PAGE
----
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“There is a growing movement called effective altruism. It’s important because it combines both the heart and the head.”

Peter Singer, The why and how of effective altruism (TED Conference, 2013)

The goal of effective altruism is simple: to do a lot of good by using evidence and reason. We all have limited resources - be those financial, motivational or time resources - which we can devote to trying to improve the world. Aspiring effective altruists try to answer the question: given our limited resources, how can we make use of them to improve the world?

Effective altruism invites people to think strategically about how to use their resources to do a lot of good. It also invites people to think big. Saving lives, improving the health of many, and helping to safeguard the future of humanity are more within reach than many of us ever suspected. Making a real, measurable difference in the world is possible, with the aid of evidence and research. That's an amazing ability to have.

There's no single cause that effective altruism advocates for. At an effective altruism meetup, you'll meet people who care about global poverty, people who are working on animal welfare, and those who are doing research into how to protect the earth for future generations. The defining feature of aspiring effective altruists is that they try to use evidence and careful reasoning to arrive at their goals, and to work out how to best meet them.

If you want to make the world a better place, and if you're curious about how you can use rationality in order to do that, effective altruism is a perfect fit for you. To find out more, get started with the following links, or watch philosopher Will MacAskill's Ted talk about effective altruism below.


Effective Altruism Melbourne was started when small groups of people in Melbourne decided to meet up to talk about how to improve the world. From these humble beginnings, the organisation has grown substantially. It was incorporated in 2015 to ensure its future sustainability and to allow it to best represent the views and needs of all aspiring effective altruists in Melbourne, through the democratic processes enshrined in its constitution.

Effective Altruism Melbourne's aims are:

  • To increase awareness of effective altruism ideas

  • To provide support for effective altruism causes

  • To serve as a local representative body for the global effective altruism movement

  • To provide a forum for people to learn about the ideas of effective altruism

  • To foster a welcoming and diverse community

Throughout Effective Altruism's history, it has engaged in many different activities in the course of pursuing these aims. Hundreds of effective altruists have attended dozens of Effective Altruism Melbourne's events, public lectures, discussion groups and social events. Effective Altruism Melbourne has twice hosted the annual EAGx Australia conference, featuring speakers such as Peter Singer AC (Ira W. DeCamp Professor of Bioethics, Princeton University), Catherine Hollander (Senior Research Analyst, GiveWell), Rob Wiblin (Director of Research, 80,000 Hours), and Dr Meredith Doig (President, Rationalist Society of Australia). Other activities have included fundraising for highly effective charities, a 2017 submission to the Australian Foreign Policy White Paper, and assisting effective altruism-related university clubs with their projects.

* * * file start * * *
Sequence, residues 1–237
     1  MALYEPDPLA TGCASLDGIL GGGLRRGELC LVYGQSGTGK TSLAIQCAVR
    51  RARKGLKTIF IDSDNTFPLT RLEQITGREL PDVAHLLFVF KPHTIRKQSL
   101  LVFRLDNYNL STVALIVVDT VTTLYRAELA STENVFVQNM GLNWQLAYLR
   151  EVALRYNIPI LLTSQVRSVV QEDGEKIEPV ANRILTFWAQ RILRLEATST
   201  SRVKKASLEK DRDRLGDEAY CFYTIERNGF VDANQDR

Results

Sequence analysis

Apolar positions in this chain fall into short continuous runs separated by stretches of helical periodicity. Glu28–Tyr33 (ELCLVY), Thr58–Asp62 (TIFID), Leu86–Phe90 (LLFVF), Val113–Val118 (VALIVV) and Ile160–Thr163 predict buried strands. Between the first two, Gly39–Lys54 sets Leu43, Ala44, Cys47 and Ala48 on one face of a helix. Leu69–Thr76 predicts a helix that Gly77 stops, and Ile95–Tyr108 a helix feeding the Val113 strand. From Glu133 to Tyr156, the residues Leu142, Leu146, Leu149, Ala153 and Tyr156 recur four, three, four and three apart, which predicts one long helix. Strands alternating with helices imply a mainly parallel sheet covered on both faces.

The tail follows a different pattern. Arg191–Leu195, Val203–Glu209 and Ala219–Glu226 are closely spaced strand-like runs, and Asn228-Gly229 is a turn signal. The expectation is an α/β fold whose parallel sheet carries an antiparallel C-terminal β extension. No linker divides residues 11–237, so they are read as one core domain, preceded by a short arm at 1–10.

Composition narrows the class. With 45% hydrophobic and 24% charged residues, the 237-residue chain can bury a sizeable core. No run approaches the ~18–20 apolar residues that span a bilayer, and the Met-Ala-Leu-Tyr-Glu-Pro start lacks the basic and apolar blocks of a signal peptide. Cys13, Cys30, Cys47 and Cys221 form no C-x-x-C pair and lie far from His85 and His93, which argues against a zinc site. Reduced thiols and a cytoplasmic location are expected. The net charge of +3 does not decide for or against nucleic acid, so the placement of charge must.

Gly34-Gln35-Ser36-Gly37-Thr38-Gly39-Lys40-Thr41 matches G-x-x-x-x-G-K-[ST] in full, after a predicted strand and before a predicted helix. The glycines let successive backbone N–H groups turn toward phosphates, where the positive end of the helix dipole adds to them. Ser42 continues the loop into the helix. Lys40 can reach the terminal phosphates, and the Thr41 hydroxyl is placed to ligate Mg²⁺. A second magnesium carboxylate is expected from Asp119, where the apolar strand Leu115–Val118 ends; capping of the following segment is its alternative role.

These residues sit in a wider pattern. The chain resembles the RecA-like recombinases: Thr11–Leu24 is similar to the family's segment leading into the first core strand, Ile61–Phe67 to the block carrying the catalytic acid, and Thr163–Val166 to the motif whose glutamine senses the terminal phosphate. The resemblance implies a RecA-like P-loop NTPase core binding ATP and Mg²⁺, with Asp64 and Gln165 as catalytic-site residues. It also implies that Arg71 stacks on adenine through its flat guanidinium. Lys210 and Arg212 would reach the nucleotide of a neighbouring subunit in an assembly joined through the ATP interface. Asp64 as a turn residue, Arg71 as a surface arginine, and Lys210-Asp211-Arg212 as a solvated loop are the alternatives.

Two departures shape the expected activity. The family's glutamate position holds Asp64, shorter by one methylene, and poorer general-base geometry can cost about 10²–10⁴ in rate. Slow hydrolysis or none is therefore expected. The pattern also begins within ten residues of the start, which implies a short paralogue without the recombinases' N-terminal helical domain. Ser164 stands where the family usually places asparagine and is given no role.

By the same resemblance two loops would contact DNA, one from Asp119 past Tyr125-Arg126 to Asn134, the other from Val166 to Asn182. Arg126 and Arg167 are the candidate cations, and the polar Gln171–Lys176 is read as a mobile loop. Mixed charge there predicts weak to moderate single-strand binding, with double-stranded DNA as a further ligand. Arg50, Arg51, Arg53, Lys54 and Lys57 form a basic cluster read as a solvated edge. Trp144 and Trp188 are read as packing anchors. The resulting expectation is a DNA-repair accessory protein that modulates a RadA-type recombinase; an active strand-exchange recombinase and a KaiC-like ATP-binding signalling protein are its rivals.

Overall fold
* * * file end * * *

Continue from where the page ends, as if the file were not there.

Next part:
Aditi Basu

Aditi is an energy markets analyst with a keen interest in reducing animal suffering and climate action. Ever since discovering effective altruism, she tries to embody EA principles in her day-to-day life. In her free time, she enjoys climbing, listening to podcasts and being a pawrent to her three cat babies. After having lived in 7 countries and 9 cities, Melbourne may become the place she finally calls home...maybe!

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EJ Watkins

EJ has a background in chemistry research but is pivoting his career towards AI safety research. Alongside ensuring the safe and equitable development of AI, he is also passionate about social and economic equality, sustainability, and making the world a more just, free and peaceful place. When he's not worrying about the state of the world, he enjoys playing boardgames, solving riddles, and reading rationalist fanfiction.


Lucas Lewit-Mendes

Lucas is an economist at the Department of Treasury and Finance and was previously a part-time researcher at the Shrimp Welfare Project. He is an avid soccer, AFL, and tennis player and supporter, and loves to apply his EA knowledge to Supercoach (fantasty football)! He has a keen interest in the animal welfare and global poverty cause areas.


Sam Nolan
Vice President

Sam is an EA who loves Cost-Effectiveness Analyses and dislikes philosophy. He currently works at a global poverty charity that works to help people in the world's hardest places, where he tries his hardest to ensure your Christmas goats get to a loving family. When he's not at work or thinking about EA, he'll be enjoying some recreational math, listening to the same song over 300 times in a row, or on his 4 hour a day commute (or all three)!


Keshini Karunaharan
Welfare Officer

Keshini is a tech consultant. After discovering EA through work, she completed the EA scholars program. In her spare time, she enjoys baking, reading and pottery.


We care a lot about the wellbeing of our community. We aim to create events and spaces in which all people feel welcome, and which allow for productive and enjoyable engagement by all community members. The following policies exist to support these aims. All participants in our events and spaces (including online spaces) are bound by these policies during their participation.


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